Most people accurately associate Prussia with duty, discipline, and fervent militarism. They may be hard-pressed, however, to define it geographically or summarize its rise and fall. With The Vanished Kingdom: Travels Through the History of Prussia, James Charles Roy attempts to fill in the gaps of our knowledge about the former German state, from its 12th-century origins to 1945. Founded by Christian knights of the Teutonic Order, Prussia and its hereditary rulers, the Hohenzollerns, reached their political zenith in 1871, when they effectively ruled the Second German Empire. After World War I and the abdication of Wilhelm II (the last ruling Hohenzollern), Prussia ceased to exist as a political entity and its territory was incorporated into a greater Germany.
Combining historical documentation with travel narrative and personal interview, Roy's prose is frequently heavy on narration and light on history. The Vanished Kingdom succeeds, however, in succinctly chronicling significant events in Prussian history, such as Bismarck's rise to power and Germany's World War I victory at Tannenberg. Maps, historical and contemporary photographs, and an extensive bibliography supplement Roy's study. An introduction by Amos Elon brings the history of Prussia up to the present day with its examination of East Prussia's former capital, Königsberg, which was incorporated into Russian territory in 1945. The fate of the city, today physically and economically devastated, remains precarious; will it return to Germany or remain a Russian territory? Together, Roy and Elon provide a comprehensive overview of Prussia's past, present, and future. --Bertina Loeffler Sedlack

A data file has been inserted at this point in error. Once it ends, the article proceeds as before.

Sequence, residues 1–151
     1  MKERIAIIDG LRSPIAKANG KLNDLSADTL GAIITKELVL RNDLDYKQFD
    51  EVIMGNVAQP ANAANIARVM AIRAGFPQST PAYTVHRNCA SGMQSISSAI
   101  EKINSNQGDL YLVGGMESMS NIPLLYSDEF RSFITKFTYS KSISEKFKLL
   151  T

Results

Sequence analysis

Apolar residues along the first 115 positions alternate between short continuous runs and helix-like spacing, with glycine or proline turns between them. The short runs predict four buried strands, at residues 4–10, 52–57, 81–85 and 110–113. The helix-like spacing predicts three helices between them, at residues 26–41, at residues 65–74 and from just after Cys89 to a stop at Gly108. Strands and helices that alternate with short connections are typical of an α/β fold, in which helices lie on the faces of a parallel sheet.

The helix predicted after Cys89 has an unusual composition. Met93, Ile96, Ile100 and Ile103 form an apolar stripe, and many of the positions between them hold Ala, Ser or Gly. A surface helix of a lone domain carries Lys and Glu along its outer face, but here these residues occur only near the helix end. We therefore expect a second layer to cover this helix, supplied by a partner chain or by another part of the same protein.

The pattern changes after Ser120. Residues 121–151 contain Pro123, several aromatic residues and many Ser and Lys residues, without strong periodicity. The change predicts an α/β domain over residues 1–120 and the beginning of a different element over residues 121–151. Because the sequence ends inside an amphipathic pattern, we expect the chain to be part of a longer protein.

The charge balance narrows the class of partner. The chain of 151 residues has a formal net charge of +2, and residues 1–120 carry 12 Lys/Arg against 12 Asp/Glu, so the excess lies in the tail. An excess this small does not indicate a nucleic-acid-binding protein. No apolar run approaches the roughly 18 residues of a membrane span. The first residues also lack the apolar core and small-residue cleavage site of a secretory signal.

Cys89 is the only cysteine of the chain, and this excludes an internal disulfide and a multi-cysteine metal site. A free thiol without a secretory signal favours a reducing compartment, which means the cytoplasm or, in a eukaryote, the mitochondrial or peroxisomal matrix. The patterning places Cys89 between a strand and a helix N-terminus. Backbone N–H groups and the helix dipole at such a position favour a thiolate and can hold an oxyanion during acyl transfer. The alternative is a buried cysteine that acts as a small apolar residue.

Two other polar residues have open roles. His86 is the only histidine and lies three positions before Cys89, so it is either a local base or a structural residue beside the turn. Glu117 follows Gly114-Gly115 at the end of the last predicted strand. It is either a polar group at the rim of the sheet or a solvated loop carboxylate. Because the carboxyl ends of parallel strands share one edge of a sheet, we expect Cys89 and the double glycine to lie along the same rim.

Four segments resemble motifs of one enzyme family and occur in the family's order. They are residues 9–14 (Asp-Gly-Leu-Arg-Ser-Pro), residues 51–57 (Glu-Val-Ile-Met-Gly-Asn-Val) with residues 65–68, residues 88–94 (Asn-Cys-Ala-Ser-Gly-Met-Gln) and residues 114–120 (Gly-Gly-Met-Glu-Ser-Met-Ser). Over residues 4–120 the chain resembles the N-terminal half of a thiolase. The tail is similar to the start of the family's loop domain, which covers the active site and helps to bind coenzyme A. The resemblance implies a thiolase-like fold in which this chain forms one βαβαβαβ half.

From Library Journal
Roy traveled through what used to be the ancient kingdom of Prussia, the cradle of modern Germany, contrasting what he saw and heard from current Polish citizens with the memories of former German residents. The forced relocation of millions of Germans who had lived there for more than 700 years certainly added to the misery of 1945. What makes this book interesting is that few readers know much of the "Great Trek" during the winter of 1944-45 that turned Danzig into Gdansk and K?nigsberg into Kaliningrad. Many readers have heard of the alleged connection of Prussian militarism to Hitler's rise, but for those who lack an understanding of Prussia's cultural history, such allegations are meaningless. Roy, whose previous books have all dealt with Ireland, presents a solid popular history of Prussia but adds nothing new in the final chapters on the war. The book relies too heavily on secondary sources to be of use to academics, though it has a good bibliography for those unfamiliar with Prussia. Recommended for undergraduate collections and public libraries.ARandall L. Schroeder, Wartburg Coll. Lib., Waverly, IA
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